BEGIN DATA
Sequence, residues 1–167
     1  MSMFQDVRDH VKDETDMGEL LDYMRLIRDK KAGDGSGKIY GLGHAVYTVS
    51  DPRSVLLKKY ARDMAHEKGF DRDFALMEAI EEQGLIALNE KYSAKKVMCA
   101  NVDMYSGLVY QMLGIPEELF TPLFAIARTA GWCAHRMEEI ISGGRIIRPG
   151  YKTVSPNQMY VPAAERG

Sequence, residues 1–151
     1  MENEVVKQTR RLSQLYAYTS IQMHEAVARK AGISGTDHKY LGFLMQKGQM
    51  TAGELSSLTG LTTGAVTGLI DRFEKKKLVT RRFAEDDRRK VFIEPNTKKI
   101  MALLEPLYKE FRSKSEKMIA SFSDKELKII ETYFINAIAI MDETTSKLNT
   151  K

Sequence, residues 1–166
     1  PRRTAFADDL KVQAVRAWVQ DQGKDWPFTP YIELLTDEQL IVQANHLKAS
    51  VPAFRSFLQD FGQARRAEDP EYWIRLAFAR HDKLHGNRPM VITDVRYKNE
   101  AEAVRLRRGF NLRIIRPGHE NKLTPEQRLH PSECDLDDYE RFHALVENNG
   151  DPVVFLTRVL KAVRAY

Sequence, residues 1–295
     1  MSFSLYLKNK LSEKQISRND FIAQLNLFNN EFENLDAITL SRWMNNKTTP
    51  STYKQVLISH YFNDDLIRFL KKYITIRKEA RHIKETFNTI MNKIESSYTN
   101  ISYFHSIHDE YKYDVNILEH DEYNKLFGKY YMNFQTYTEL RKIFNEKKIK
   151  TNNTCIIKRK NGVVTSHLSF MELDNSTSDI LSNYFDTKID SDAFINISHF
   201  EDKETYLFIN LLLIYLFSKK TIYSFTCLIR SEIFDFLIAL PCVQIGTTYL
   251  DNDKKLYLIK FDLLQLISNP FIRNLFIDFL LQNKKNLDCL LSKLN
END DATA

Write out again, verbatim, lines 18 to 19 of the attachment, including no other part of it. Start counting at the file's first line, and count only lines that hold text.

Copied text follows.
    51  STYKQVLISH YFNDDLIRFL KKYITIRKEA RHIKETFNTI MNKIESSYTN
   101  ISYFHSIHDE YKYDVNILEH DEYNKLFGKY YMNFQTYTEL RKIFNEKKIK